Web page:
In 1851 the first World Expo was held in London’s Hyde Park in a remarkable building by Joseph Paxton, a designer of English greenhouses. Taking advantage of the newly developed plate glass manufacturing process the vast Crystal Palace was entirely glazed, and was supported on a delicate lattice of prefabricated cast iron. At nearly 1 million square feet and 1851 feet in length, it was the largest enclosed space of its day, the largest use of glass to that date and enclosed an entire world of inventions, technology and culture within its 14,000 exhibits.

It was also the world’s first truly modern building; employing newly developed technology, a sophisticated non-craft based building process on an enormous scale, modular and prefabricated it was entirely demountable and realized from competition to opening day in an astonishing 9 months.

After the 6 months inhabiting Hyde Park (the footprint can still be seen today) it was moved to Sydenham Hill where it was re-erected and enlarged and once again dedicated by Queen Victoria. There it remained for 82 years until a fire as monumental as the building itself literally melted the Crystal Palace away. The fire was the final attraction for the Crystal Palace. British Rail had to schedule extra trains to accommodate the crowds traveling to see the fire and the ruin.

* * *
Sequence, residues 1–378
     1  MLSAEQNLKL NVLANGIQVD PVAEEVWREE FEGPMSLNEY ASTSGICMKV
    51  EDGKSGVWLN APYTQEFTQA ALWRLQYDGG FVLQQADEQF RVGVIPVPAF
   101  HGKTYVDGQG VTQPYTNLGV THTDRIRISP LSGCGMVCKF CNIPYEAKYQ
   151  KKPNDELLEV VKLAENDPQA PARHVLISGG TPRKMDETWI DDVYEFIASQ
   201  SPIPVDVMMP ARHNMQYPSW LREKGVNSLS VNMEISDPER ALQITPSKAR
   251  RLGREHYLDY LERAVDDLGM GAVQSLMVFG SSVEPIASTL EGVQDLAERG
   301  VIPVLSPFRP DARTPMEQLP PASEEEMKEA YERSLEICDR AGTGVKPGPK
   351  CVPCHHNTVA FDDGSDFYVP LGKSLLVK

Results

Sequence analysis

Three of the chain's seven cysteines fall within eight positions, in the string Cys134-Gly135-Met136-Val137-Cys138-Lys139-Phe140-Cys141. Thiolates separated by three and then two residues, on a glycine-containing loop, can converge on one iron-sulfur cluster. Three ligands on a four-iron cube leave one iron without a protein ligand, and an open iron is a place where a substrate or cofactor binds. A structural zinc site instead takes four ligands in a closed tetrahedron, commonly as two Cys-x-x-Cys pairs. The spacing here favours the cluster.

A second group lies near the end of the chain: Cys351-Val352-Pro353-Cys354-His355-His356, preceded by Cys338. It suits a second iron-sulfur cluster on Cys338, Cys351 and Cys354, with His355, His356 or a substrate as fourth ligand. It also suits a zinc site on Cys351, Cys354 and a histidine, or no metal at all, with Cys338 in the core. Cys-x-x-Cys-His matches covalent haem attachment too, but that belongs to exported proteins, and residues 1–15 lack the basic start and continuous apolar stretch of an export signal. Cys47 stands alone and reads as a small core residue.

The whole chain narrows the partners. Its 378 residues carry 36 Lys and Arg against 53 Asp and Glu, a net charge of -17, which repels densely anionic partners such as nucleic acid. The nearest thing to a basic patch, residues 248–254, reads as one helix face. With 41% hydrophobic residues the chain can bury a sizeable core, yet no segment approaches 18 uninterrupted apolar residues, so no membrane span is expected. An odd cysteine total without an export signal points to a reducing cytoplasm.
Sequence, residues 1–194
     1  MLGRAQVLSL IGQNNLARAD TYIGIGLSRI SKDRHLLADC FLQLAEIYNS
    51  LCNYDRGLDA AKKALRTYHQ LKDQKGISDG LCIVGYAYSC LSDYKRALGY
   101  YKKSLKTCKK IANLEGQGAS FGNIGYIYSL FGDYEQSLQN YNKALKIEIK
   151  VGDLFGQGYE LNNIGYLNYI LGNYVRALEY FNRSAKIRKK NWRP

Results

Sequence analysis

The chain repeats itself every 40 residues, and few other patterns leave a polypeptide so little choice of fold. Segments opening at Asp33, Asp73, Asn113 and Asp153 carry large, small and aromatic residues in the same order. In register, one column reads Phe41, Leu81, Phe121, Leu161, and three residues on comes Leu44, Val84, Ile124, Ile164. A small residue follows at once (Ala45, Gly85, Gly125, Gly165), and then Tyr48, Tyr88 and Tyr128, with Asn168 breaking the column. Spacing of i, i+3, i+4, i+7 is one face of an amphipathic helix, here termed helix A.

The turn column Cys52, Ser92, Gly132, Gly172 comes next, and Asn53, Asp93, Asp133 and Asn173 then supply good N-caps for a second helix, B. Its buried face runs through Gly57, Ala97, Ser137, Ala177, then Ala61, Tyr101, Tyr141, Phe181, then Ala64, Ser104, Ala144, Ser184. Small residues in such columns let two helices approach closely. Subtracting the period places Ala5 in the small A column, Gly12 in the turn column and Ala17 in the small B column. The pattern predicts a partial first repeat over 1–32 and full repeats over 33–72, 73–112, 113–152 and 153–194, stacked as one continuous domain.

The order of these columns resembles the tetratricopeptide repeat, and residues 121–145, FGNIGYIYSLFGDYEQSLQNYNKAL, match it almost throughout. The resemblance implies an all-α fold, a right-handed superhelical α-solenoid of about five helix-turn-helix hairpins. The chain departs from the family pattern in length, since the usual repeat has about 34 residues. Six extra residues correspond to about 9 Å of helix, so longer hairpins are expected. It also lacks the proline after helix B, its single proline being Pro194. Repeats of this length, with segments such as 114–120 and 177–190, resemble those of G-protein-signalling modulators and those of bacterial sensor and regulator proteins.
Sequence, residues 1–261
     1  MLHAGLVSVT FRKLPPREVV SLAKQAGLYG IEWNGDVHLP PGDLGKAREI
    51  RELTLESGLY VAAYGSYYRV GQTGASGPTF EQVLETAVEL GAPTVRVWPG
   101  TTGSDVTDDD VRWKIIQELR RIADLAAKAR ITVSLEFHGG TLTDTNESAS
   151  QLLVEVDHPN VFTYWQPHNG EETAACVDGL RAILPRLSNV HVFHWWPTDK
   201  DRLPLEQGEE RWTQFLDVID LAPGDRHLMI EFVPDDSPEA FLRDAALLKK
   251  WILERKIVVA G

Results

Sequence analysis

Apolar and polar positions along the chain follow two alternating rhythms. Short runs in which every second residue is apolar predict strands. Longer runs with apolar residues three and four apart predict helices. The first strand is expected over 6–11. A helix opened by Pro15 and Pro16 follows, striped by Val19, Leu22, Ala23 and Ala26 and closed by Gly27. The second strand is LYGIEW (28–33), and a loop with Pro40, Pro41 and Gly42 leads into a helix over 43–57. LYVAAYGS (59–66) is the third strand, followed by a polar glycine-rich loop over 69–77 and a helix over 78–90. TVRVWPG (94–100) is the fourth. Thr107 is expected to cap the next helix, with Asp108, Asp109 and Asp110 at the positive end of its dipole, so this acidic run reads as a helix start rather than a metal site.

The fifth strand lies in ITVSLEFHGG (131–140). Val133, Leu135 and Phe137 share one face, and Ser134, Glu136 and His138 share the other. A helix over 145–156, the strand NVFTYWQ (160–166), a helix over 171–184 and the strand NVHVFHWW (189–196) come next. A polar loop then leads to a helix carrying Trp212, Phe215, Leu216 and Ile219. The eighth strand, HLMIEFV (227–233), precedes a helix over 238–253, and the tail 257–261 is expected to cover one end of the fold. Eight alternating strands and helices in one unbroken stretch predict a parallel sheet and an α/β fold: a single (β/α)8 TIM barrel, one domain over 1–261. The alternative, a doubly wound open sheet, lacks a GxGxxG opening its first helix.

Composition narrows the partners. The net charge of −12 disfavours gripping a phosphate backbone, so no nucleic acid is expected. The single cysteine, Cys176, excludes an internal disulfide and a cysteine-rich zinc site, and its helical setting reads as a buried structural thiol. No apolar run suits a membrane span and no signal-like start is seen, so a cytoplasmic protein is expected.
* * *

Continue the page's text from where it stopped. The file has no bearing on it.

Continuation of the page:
It is a now-forgotten monument that might have been as iconic as the Tour Eiffel, albeit a horizontal one and twice as long. There is even talk of rebuilding it, and however unlikely that seems it would be an amazing thing to see even today.

In the Architectural Review Le Corbusier called it “…one of the great monuments of nineteenth-century architecture.…I could not tear my eyes from the spectacle of its triumphant harmony.”

JM Richards, in the same issue, said “It stood to remind us that we did contribute something to the pioneer efforts of the Modern Movement.”

On November 30, 1936 the fire that destroyed the Crystal Palace marked, as Winston Churchill said, “the end of an age”.